Thursday, February 1st, 2024

Cybersecurity Week in Review (02/02/24)

Johnson Controls Ransomware Attack: Data Theft Confirmed, Cost Exceeds $27 Million

Building technology giant Johnson Controls confirmed this week that the September 2023 ransomware attack resulted in the theft of data and the company said expenses associated with the incident exceed $27 million.

In an SEC filing detailing its financial results for the last quarter of 2023, the company said the attack was discovered during the weekend of September 23, 2023. The incident involved unauthorized access to its systems, data exfiltration, and the deployment of file-encrypting malware.

When the company disclosed the incident in late September, it was reported that a hacker group calling itself Dark Angels was behind the attack, with the hackers claiming to have stolen 27Tb of data from Johnson Controls.

The cybercriminals reportedly demanded a $51 million ransom in exchange for a decryption tool and to delete the stolen files, which may have included highly sensitive information.

The theft of data has been confirmed in the latest SEC filing, which reveals that the disruptions and limitations caused by the ransomware attack continued into the first quarter of 2024. Impacted systems and applications have now been restored, the company said.

“The impact on net income for the three months ended December 31, 2023 of lost and deferred revenues, net of revenues deferred at the end of fiscal 2023 and recognized in the first quarter of fiscal 2024, and expenses during the quarter was approximately $27 million,” Johnson Controls said. “These impacts were primarily attributable to expenses associated with the response to, and remediation of, the incident, and are net of insurance recoveries.”

The company expects additional expenses related to the incident throughout 2024, mainly in the first half of the year.

“These expenses include third-party expenditures, including IT recovery and forensic experts and others performing professional services to investigate and remediate the incident, as well as incremental operating expenses incurred from the resulting disruption to the Company’s business operations. Further, the cybersecurity incident caused disruptions to certain of the Company’s billing systems, which negatively impacted cash provided from operations during the first quarter of fiscal 2024,” the firm added.

Johnson Controls said many of the costs associated with containing, investigating and remediating the cyberattack, along with losses caused by business disruptions, should be covered by insurance.

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Federal Contractor Suffers Data Breach

Sirius Federal, a subsidiary of tech services giant CDW-G, has been hacked. The attackers behind the breach accessed thousands of people’s sensitive details, including medical records.

The company provides the US federal government with digital government solutions: the General Services Administration and the Department of Defense’s Enterprise Software Initiative are listed as being among its contracts.

According to a breach notification letter sent by Sirius Federal to victims, attackers breached its “internal environment” on July 31st, 2023, and were detected on August 2nd.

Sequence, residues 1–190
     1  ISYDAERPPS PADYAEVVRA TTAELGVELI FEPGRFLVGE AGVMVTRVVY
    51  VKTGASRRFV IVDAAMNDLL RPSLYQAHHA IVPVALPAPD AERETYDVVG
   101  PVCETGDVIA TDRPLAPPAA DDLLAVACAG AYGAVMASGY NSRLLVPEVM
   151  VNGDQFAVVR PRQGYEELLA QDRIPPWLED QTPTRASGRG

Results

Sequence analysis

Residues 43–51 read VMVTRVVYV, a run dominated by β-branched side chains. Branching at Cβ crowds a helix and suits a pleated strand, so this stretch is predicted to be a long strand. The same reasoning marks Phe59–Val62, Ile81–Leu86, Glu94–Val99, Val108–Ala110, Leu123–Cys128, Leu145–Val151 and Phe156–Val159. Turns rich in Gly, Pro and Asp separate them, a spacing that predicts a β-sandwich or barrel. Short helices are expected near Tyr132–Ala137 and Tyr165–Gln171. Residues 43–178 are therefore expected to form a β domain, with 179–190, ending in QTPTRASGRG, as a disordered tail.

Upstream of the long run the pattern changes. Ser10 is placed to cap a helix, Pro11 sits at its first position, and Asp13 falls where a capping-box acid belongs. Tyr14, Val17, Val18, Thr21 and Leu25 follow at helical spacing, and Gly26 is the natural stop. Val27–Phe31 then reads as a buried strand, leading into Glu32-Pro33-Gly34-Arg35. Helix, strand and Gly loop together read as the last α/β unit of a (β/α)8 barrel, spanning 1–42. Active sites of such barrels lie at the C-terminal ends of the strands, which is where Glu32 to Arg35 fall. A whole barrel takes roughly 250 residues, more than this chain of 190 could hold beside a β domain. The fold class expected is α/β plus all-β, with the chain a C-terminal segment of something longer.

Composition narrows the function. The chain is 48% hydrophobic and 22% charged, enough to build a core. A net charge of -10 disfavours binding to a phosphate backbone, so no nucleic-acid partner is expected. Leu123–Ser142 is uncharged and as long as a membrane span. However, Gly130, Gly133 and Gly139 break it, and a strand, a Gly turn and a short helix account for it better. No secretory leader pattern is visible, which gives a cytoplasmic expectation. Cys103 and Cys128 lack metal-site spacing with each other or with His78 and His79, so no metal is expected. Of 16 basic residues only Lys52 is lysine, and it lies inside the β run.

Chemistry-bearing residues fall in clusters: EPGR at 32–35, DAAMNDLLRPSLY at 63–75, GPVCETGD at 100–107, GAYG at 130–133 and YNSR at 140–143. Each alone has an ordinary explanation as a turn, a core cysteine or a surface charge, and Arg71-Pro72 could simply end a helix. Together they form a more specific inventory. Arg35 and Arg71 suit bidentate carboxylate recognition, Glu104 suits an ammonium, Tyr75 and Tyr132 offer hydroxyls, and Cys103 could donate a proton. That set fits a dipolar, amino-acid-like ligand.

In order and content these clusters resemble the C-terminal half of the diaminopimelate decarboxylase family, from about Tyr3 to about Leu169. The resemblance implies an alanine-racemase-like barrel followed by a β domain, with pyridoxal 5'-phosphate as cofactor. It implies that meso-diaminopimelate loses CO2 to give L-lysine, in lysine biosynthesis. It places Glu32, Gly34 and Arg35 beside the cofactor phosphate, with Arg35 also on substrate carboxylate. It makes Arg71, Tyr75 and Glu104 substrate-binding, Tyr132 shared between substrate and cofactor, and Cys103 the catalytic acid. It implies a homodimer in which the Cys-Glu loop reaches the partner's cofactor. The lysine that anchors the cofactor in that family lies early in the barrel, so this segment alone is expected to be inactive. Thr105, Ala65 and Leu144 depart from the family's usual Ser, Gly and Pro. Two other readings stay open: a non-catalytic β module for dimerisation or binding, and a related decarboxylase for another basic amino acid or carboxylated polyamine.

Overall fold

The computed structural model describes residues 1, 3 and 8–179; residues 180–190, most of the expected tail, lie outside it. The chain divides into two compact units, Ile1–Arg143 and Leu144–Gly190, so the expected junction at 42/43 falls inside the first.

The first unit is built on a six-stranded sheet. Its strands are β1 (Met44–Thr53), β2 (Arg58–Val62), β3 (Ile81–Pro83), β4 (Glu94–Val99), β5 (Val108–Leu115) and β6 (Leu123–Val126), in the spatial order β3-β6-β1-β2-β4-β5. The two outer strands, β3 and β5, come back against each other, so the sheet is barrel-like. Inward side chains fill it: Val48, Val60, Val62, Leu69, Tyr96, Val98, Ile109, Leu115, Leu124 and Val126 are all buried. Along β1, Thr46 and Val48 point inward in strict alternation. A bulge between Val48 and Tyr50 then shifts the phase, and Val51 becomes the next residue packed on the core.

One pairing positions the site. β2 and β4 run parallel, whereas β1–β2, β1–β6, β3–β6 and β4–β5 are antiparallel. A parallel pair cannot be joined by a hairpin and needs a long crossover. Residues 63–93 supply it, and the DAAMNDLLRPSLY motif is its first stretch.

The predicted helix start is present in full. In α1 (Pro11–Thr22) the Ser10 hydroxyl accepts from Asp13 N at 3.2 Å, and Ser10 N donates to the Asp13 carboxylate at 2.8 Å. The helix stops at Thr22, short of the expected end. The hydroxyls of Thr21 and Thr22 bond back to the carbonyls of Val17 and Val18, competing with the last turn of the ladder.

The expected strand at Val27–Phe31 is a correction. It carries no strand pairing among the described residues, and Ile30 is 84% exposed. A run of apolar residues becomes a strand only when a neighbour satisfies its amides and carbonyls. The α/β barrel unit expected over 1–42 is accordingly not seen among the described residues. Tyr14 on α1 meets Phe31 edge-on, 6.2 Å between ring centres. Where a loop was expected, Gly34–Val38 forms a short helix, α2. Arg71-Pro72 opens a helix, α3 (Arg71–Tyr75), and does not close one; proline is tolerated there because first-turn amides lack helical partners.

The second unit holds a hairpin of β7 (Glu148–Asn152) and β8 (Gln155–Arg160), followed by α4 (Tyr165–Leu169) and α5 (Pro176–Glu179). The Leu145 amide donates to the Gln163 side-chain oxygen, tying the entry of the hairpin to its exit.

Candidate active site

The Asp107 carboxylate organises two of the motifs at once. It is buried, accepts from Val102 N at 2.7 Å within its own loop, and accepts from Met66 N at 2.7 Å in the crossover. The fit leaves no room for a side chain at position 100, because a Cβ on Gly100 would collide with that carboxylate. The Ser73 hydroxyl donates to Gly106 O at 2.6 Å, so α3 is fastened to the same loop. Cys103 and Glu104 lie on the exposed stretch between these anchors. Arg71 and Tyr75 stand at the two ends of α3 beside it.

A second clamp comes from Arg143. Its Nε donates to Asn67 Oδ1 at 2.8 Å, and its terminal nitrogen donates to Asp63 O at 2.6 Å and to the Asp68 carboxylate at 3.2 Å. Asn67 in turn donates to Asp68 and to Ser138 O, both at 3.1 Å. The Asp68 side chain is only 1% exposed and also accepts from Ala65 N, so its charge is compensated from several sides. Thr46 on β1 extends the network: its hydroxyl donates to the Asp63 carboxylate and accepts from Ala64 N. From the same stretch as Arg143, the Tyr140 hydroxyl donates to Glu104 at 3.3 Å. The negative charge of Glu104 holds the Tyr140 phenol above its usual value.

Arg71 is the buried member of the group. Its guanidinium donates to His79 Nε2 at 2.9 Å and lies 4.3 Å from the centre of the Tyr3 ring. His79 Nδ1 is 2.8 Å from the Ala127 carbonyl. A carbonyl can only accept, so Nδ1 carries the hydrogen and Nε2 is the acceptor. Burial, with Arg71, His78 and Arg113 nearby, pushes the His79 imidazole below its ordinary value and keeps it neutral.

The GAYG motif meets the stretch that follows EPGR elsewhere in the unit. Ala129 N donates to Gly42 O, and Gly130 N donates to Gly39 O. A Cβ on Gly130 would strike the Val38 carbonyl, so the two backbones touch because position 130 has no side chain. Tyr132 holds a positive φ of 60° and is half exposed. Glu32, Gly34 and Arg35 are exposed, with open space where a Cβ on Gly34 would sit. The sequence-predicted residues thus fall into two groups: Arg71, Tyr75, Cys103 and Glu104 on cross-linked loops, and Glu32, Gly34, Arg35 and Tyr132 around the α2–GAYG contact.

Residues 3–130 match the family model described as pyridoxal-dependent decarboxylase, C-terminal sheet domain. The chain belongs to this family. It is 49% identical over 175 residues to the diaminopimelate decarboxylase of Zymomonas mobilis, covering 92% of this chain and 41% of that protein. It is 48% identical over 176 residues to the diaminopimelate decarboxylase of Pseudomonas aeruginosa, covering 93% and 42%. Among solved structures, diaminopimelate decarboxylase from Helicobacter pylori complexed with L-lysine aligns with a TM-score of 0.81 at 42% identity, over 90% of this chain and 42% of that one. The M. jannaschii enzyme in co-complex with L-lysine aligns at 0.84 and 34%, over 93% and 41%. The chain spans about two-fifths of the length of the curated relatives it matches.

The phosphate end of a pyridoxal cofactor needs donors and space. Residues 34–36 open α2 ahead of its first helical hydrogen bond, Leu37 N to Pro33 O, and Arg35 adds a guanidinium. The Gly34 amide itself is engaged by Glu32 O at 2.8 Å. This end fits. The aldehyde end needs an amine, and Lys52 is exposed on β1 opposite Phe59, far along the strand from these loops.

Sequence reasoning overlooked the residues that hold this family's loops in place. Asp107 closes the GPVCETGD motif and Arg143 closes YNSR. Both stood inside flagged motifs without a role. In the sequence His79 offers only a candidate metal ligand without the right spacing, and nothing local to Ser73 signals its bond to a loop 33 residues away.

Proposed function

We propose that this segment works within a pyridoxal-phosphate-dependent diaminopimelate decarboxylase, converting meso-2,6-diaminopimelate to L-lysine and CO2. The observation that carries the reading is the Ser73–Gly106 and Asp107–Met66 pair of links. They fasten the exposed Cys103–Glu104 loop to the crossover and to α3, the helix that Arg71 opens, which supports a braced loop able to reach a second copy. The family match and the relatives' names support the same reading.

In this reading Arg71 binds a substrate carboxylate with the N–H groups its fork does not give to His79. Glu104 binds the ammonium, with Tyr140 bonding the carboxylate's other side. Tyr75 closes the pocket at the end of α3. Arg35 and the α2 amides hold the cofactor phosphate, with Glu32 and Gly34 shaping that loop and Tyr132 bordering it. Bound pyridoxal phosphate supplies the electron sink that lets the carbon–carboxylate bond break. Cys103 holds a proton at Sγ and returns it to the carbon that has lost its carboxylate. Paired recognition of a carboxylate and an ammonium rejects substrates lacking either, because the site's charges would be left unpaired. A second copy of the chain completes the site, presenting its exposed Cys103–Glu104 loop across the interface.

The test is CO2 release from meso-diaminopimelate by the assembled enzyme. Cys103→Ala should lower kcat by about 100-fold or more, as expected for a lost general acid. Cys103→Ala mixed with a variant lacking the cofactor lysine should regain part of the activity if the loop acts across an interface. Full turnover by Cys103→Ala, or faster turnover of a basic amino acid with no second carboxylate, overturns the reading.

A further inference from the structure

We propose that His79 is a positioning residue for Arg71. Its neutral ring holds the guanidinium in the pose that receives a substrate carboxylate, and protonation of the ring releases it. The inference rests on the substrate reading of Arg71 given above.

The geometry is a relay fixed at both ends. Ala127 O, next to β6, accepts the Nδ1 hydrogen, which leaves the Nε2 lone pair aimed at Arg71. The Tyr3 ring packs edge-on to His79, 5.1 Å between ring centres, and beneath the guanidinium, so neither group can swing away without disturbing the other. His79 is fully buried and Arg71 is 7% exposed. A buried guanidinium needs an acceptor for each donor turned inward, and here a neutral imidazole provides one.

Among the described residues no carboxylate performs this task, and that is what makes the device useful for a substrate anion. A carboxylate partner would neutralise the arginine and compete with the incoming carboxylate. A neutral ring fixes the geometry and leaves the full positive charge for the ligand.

The company told the Maine Attorney General, which imposes strict reporting requirements on organizations suffering data breaches that affect its residents, that 3,266 people were exposed in the attack. Not all of these reside in Maine.

Sirius Federal claims malicious actors accessed data held on its internal servers. In the hands of a malicious actor, the information could provide various attack vectors: for instance, criminals could use the data for identity theft or spear phishing and other types of fraud.

The company says it will provide victims with two years of free credit monitoring and identity protection services.

Sirius Federal became a subsidiary of CDW-G in 2021 after the tech services giant acquired it. CDW-G itself is a subsidiary of CDW, dedicated solely to government contracts.

Meanwhile, CDW provides technology products and services to business, government, and educational institutions. It employs over 15,000 people and reported revenues exceeding $23.7 billion in 2022.

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New Malware Emerges in Attacks Exploiting Ivanti VPN Vulnerabilities

New malware employed by a China-nexus espionage threat actor known as UNC5221 and other threat groups during post-exploitation has been identified targeting Ivanti Connect Secure VPN and Policy Secure devices.

This includes custom web shells such as BUSHWALK, CHAINLINE, FRAMESTING, and a variant of LIGHTWIRE.

CHAINLINE is a Python web shell backdoor that is embedded in an Ivanti Connect Secure Python package that enables arbitrary command execution. It has been attributed to UNC5221, adding it also detected multiple new versions of WARPWIRE, a JavaScript-based credential stealer.

The infection chains entail successful exploitation of CVE-2023-46805 and CVE-2024-21887, which allow an unauthenticated threat actor to execute arbitrary commands on the Ivanti appliance with elevated privileges.

The flaws have been abused as zero-days since early December 2023. Germany’s Federal Office for Information Security (BSI) said it’s aware of “multiple compromised systems” in the country.

BUSHWALK, written in Perl and deployed by circumventing the Ivanti-issued mitigations in highly-targeted attacks, is embedded into a legitimate Connect Secure file named “querymanifest.cgi” and offers the ability to read or write to files to a server.